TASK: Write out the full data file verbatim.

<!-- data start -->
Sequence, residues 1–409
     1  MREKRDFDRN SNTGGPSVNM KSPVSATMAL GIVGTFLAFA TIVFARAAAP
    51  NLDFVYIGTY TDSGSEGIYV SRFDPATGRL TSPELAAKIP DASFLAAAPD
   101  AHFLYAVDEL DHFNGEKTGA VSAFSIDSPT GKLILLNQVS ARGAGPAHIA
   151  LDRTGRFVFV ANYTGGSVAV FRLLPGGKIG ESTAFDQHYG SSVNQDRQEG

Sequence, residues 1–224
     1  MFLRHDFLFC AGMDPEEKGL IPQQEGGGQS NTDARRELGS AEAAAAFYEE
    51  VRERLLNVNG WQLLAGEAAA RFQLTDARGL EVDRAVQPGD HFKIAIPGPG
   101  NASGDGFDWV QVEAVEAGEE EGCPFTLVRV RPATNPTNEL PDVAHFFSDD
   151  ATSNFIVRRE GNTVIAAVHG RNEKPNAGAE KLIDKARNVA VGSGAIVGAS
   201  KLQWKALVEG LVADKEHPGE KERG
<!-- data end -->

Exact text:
Sequence, residues 1–409
     1  MREKRDFDRN SNTGGPSVNM KSPVSATMAL GIVGTFLAFA TIVFARAAAP
    51  NLDFVYIGTY TDSGSEGIYV SRFDPATGRL TSPELAAKIP DASFLAAAPD
   101  AHFLYAVDEL DHFNGEKTGA VSAFSIDSPT GKLILLNQVS ARGAGPAHIA
   151  LDRTGRFVFV ANYTGGSVAV FRLLPGGKIG ESTAFDQHYG SSVNQDRQEG

Sequence, residues 1–224
     1  MFLRHDFLFC AGMDPEEKGL IPQQEGGGQS NTDARRELGS AEAAAAFYEE
    51  VRERLLNVNG WQLLAGEAAA RFQLTDARGL EVDRAVQPGD HFKIAIPGPG
   101  NASGDGFDWV QVEAVEAGEE EGCPFTLVRV RPATNPTNEL PDVAHFFSDD
   151  ATSNFIVRRE GNTVIAAVHG RNEKPNAGAE KLIDKARNVA VGSGAIVGAS
   201  KLQWKALVEG LVADKEHPGE KERG